Conversely, Thou Shalt Share Thine Dice. Jesus Christ, people, they’re not made of diamond. Share your dice. Lend your pens. Give your friend a Coke. Be a mensch. A miser is as bad as a mooch.

Also falling under this Commandment: Thou Shalt Care For Thy Friend’s Dice As If They Were Thine Own. Don’t lose dice. Don’t break or chew pencils. Don’t write on the mat with a Sharpie. And for God’s sake, be careful with painted miniatures.

Wanna kiss my rat?

VIII. Thou Shalt Learn The System

Exegesis: This is my other great sin. I have played and even run countless games without ever learning the actual rules. I ran a successful AD&D game for years and never understood the magic system. Still don’t. It’s not complicated, and I’m not stupid. I just didn’t want to learn.

But if you don’t know the rules, then someone has to do the work for you, and that’s not fair. Take care of your own character creation. Do your own bookkeeping. Understand how your abilities work. Otherwise, you’re just a douche.

If you’re going to play, then learn the damn game.

How do you play this thing? How do you win? Are those dice? What are you writing? What do you mean I can “be” and elf?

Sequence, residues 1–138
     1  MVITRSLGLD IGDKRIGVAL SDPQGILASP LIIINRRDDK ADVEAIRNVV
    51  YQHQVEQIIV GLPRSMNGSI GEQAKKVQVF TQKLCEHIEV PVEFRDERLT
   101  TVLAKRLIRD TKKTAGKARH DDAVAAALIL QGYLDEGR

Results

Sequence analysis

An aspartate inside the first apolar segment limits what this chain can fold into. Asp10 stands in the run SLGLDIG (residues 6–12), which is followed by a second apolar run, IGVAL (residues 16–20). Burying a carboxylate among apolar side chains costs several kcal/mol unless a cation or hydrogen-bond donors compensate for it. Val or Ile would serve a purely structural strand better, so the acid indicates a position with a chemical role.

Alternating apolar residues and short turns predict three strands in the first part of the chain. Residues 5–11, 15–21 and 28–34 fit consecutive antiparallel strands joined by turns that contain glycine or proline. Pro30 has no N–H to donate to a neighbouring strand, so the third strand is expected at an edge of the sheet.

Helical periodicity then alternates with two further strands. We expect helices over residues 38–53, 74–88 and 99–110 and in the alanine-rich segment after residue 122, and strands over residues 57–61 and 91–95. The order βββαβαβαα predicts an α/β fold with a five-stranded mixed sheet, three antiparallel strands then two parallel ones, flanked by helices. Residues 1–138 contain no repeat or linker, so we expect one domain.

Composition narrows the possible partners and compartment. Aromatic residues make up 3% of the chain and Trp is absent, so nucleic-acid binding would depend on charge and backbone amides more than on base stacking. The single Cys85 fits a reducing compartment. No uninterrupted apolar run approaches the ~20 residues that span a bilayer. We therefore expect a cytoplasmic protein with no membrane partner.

IX. Remember The Gaming Day And Keep It Open

Exegesis: This is a corollary of the First Commandment. The gaming day is for gaming, and nothing else. Be on time (right, as if gamers will ever be on time), be prepared, and don’t plan anything else.

Also: Thou Shalt Not Allow Gentiles To Defile The Temple. The Temple is the game, and the Gentile is your girlfriend, little brother, or some other non-gamer. If someone you know genuinely wants to learn the game — if it was their idea — then fine. But don’t invite your girlfriend to the game just because you promised to spend the day with her. She’s a distraction. She’s an embarrassment. She’s a Philistine.

It was the dice!

X. Thou Shalt Not Blame The Dice

Exegesis: Luck does not exist. Read it again. I’ll wait.

Probabilities are probabilities. If you roll 3d6, there’s a 0.4629% chance you’ll roll an 18, a 0.4629% chance of a 3; and a 25% of a 10 or 11. That’s it. It doesn’t matter what you rolled last time. You’re not “on a roll.” There’s no good luck or bad. Just roll the damn dice, and accept your fate.

Also, there are no good or bad dice. As long as you bought your dice, and didn’t make them in shop class, then they are properly cut and weighted. Any possible variations between manufactured dice are too small to matter. (Unless you bought one of those old-school d100s with the seam around the middle. That’s a novelty die, dude. No one uses that.)

There is no better way to roll than another. If you have some trick that supposedly makes the dice roll better, then you are cheating. See Commandment II.

The point is, if something goes wrong, don’t blame the dice. You sound like an idiot. If you must blame something, blame the laws of mathematics.